China’s economic development has occurred at a pace unparalleled in world history. Progress over the course of just a few decades has lifted hundreds of millions of Chinese residents from poverty and a mass migration from rural to urban areas has given rise to a new Chinese middle class.
This transformation, the result of reform since 1978, has not come without costs. China’s air and water have taken the brunt of industrialization, and infrastructure has failed to keep up with urbanization.
Municipal water around the country is undrinkable, and residents have no choice but to find a source of potable water independently.
Drinking Water in China: Boiled, Bottled and Treated
Just as development has affected China’s water sources, it also bears huge influence on the ways in which Chinese residents have sought clean water. As the Chinese population becomes increasingly affluent and aware, the preferred solutions to their water problems change.
Traditionally, Chinese have preferred to make water potable through boiling it. Born largely out of a lack of choice, it has now become a deep-rooted Chinese habit. An interesting Chinese cultural aspect is the Chinese preference for drinking warm or hot water, believing it’s better for health.
The tangible nature of boiling water means many Chinese consumers continue to place their trust in this method to make their water drinkable. The process is simple, and is one that has accompanied Chinese people of previous generations throughout their whole life.
However, many Chinese consumers are oblivious as to the severity of water pollution in the country and unaware as to the insufficiency of boiling this water to make it potable. Boiling, unable to remove heavy metals, is simply not a suitable solution when faced with China’s largely metal-based pollution.
Boiling remains a widespread and popular option. Increasingly, however, other options have emerged and challenged its dominant position.
Bottled water promises an easy source of good quality water, and has become increasingly popular in recent years. In 2014, China overtook the United States as the world’s largest bottled water market. In addition, 5-litre bottles for use with a dispenser are extremely widespread in homes and commercial settings. Despite this, growth is forecast to slow between 2014 and 2019.
Even bottled water has become increasingly scrutinized in recent years following a number of negative stories. Last year, leading bottled-water brand Nongfu Spring was discovered to be using water quality standards lower even than those for Chinese municipal water. There have even been claims of Chinese bottled-water companies using poor quality, polluting plastics.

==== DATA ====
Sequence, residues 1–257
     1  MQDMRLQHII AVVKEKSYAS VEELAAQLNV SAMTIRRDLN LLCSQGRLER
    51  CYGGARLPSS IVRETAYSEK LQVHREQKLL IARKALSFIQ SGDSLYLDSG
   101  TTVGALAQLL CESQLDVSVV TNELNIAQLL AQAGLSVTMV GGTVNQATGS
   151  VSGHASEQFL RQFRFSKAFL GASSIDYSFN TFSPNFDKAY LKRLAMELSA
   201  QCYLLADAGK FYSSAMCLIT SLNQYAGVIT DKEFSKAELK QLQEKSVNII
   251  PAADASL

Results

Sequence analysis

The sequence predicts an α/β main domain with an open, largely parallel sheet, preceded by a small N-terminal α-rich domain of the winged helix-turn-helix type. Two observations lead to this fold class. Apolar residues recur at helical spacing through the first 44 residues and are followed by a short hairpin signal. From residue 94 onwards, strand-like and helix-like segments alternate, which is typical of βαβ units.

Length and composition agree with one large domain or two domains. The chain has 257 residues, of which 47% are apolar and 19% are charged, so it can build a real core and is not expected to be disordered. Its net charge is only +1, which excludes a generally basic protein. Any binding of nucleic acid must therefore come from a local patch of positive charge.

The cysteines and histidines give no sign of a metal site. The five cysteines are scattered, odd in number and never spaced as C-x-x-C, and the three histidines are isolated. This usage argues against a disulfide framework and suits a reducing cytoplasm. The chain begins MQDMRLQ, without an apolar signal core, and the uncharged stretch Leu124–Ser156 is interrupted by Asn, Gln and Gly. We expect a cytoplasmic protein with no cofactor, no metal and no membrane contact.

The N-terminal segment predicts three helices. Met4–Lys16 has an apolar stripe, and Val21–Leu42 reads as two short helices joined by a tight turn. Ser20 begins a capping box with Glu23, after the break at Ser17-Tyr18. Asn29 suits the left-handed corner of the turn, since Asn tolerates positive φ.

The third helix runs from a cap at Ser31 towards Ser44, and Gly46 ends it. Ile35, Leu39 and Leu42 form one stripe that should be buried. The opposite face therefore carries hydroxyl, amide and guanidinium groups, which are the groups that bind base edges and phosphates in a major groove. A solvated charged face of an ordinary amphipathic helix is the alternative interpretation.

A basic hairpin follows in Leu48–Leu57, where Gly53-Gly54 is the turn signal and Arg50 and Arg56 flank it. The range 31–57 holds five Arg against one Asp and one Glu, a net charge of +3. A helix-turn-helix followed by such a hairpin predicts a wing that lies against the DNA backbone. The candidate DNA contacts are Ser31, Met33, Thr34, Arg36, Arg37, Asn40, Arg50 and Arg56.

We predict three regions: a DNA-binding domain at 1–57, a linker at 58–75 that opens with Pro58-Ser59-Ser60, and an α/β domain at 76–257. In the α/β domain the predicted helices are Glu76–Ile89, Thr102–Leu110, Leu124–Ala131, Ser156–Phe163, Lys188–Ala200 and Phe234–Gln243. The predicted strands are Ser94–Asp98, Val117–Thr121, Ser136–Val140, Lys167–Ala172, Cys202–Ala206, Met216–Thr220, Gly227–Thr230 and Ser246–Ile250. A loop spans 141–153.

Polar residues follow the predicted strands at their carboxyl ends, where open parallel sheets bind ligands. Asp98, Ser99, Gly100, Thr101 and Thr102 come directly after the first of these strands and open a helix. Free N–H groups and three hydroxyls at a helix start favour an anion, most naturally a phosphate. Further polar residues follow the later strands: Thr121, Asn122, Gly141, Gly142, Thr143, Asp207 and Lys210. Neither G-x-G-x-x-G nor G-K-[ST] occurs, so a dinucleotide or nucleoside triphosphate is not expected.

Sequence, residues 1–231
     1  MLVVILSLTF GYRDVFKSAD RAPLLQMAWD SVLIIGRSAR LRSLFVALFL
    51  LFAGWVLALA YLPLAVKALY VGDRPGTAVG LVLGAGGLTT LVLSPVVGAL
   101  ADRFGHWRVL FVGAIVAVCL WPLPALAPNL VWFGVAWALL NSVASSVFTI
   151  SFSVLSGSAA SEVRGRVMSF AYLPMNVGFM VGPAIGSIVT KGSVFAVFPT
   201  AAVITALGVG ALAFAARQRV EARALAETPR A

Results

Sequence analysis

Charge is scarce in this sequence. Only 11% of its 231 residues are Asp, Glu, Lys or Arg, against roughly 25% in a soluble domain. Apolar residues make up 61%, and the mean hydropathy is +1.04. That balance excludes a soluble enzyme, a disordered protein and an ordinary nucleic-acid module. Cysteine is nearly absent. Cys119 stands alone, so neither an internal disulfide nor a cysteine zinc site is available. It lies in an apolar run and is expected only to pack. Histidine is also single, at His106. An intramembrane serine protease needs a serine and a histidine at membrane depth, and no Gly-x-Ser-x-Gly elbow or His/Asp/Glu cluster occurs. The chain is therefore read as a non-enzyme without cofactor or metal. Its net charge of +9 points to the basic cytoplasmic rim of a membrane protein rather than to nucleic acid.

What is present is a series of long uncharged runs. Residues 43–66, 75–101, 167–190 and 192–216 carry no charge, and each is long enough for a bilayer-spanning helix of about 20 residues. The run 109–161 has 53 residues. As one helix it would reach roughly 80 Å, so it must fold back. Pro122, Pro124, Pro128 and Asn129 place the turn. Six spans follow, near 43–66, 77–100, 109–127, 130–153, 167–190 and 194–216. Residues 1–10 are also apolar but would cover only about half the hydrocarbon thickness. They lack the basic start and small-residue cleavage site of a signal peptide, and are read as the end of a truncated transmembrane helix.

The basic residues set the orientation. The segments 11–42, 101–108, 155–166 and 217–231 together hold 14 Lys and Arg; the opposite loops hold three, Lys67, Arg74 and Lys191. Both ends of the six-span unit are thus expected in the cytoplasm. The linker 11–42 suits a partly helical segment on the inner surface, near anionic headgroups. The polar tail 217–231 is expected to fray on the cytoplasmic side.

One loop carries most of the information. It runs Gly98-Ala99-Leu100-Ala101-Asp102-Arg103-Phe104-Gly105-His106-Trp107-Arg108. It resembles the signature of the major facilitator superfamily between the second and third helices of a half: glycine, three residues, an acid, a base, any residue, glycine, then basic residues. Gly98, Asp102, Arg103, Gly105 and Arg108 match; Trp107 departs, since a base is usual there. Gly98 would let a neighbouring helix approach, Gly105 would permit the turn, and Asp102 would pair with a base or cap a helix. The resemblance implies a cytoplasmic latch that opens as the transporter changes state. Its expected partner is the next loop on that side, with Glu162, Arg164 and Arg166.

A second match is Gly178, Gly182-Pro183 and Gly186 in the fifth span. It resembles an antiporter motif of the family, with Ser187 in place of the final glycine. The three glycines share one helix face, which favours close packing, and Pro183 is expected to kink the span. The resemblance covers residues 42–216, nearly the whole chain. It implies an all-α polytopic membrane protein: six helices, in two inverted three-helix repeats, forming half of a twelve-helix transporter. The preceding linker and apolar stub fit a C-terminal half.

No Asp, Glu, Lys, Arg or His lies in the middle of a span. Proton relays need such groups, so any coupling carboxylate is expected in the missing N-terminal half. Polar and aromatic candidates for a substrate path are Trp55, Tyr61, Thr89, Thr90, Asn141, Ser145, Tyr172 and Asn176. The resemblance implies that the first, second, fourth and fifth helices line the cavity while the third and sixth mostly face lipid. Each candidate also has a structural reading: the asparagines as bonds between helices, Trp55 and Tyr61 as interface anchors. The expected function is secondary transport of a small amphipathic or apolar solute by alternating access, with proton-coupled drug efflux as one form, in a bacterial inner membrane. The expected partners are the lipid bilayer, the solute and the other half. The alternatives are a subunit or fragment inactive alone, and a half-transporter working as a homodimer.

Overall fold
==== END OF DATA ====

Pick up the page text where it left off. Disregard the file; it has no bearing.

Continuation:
Residential Water Treatment in China
In China, those most educated and aware are those that are also in the financial position to purchase a comprehensive solution. This solution has come in the form of residential water treatments that provide the consumer with the convenience and safety of clean water straight from the tap.
As Chinese urban residents in particular become increasingly affluent and aware, they are driving the adoption of residential water treatment. According to Xylem Inc. 96% of city-dwelling Chinese residents categorize the country’s water pollution as “serious”, and the new middle class in these areas is highly educated.
Not only is the disposable income of this group rising rapidly, but also the same survey found that 88% of urban residents were willing to pay more money in order to be able to drink water from their tap.
The adoption of residential water treatment is still in its infancy, but is largely driven by this consumer segment. Faced with ingrained cultural habits and a selection of other options, penetration rates for residential water treatment technologies remain low.
However, penetration is increasing rapidly. Annual growth rates are forecast to average 24% between 2013 and 2018, and the residential water market is likely to surpass $20 billion by 2019.
Economic development has lead to an increasing number of affluent and highly aware consumers to whom residential water treatment is becoming the preferred option. This group looks set to be the early adopters of an emerging population.
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